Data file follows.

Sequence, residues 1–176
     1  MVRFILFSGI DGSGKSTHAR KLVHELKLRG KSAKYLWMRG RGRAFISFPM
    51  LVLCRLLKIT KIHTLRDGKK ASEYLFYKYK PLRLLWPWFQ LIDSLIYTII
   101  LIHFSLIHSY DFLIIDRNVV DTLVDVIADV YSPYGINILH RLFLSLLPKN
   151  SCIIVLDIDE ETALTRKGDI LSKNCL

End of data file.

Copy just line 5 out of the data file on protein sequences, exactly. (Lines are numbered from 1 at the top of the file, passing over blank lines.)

   151  SCIIVLDIDE ETALTRKGDI LSKNCL